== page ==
The death of Alexandra resident Collins Khosa looks set to continue being an unwanted burden for Defence and Military Veterans Minister Nosiviwe Mapisa-Nqakula.
The latest development comes, not unexpectedly, from the Democratic Alliance (DA), with two of the party’s MPs asking for an urgent review of the SA National Defence Force (SANDF) board of inquiry (BOI) report.
Kobus Marais, the party’s shadow defence and military veterans minister and the first person to report the Easter weekend death to the Military Ombud, has found a willing ally in shadow police minister Andrew Whitfield.
In a joint statement the pair said: “Based on glaring contradictions between the IPID (Independent Police Investigative Directorate) report and the internal investigation by the SANDF BOI [Board of Inquiry] the DA requests an urgent meeting of the joint standing committees on Police and Defence to review both reports.
“Minister Mapisa-Nqakula must explain to both committees why the national defence force’s investigation into the incident differs so wildly from what IPID found.
“The reports could not be more different. The IPID investigation recommends the five metro police officers who stood and watched as soldiers allegedly brutally attacked Khosa should face disciplinary action. The SANDF report absolves soldiers of any wrongdoing.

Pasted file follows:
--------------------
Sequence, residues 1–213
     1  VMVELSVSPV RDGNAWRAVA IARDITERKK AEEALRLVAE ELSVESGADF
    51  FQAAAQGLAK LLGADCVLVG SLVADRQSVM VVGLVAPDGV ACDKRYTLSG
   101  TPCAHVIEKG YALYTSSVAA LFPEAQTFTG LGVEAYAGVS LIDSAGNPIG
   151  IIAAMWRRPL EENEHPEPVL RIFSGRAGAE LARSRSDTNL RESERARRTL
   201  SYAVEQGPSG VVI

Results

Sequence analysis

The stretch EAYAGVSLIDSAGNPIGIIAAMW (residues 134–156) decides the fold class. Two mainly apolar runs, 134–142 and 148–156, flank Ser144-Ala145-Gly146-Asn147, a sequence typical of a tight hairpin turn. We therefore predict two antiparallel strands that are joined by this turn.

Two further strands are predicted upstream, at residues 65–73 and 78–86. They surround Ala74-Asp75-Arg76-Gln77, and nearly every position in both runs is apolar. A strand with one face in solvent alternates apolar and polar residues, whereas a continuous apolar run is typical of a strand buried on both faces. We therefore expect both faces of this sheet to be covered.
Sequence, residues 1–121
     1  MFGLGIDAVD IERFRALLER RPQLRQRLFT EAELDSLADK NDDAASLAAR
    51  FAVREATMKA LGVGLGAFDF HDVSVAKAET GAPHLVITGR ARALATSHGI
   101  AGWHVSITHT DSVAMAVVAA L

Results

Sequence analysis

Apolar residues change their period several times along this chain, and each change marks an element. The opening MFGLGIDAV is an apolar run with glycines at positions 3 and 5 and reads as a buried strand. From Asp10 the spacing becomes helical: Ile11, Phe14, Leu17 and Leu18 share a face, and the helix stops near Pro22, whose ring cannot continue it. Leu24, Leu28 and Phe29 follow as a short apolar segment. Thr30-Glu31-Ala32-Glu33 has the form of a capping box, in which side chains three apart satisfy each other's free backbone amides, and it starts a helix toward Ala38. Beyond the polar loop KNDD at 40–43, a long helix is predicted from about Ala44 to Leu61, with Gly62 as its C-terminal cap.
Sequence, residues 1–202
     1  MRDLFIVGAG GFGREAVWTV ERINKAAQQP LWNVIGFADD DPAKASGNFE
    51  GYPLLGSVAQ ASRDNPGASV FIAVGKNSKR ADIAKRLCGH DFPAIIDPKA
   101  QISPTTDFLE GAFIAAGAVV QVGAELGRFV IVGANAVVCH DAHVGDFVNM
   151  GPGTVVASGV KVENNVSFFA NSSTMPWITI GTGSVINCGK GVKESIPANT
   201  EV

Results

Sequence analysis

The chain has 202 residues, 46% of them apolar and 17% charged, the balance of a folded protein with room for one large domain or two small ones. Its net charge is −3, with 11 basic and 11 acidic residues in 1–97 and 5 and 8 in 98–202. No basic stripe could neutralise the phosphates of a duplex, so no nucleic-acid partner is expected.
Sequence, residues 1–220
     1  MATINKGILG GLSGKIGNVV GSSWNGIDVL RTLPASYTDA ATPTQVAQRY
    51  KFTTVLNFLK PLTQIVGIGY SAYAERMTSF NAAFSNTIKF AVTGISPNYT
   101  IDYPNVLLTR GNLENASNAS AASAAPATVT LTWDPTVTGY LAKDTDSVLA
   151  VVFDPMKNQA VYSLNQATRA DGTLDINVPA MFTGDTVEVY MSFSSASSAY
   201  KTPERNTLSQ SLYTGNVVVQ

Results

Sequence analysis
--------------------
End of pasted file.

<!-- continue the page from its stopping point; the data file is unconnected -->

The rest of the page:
“The IPID report simply brings to light what the SANDF tried hard to cover up.
“The violent actions of soldiers led to Khosa’s death in full view of his family and neighbours. No remorse was shown. Not on that night when soldiers entered his house without cause and attacked him, not when the Johannesburg metro police intimidated witnesses and confiscated footage of the heinous actions, not when they watched him die. And not since!
“The IPID report exposes that the SANDF did nothing but try and cover their tracks. Neither the Minister and her Department, nor the national defence force, told the truth. The soldiers face no repercussions and it is shown they are seen to be above the law.
“Police and the army are there to serve and protect citizens. They failed to do that for Collins Khosa and his family. They failed countless other South Africans. And they will continue to fail, because their superiors would rather save face than discipline them for disgraceful actions.
“It is now time for the Minister to account to Parliament. Both reports need urgent reviewing,” their statement ends.
Khosa died on 10 April after soldiers confronted him and his brother-in-law after apparently finding a glass of alcohol in his yard. The soldiers confiscated two beers from their house and an argument started after one slammed the gate on Khosa’s car.
The SANDF said Khosa and his brother-in-law Thabiso Muvhango undermined the female soldiers based on their gender and did not adhere to instructions so they called for back-up, resulting in a scuffle to get the men back into the house.
Multiple witnesses said Khosa was assaulted by soldiers and those who tried to record the alleged assault told IPID soldiers either took their phones or forced them to delete footage, Daily Maverick reported.
The Military Ombud is investigating Khosa’s death.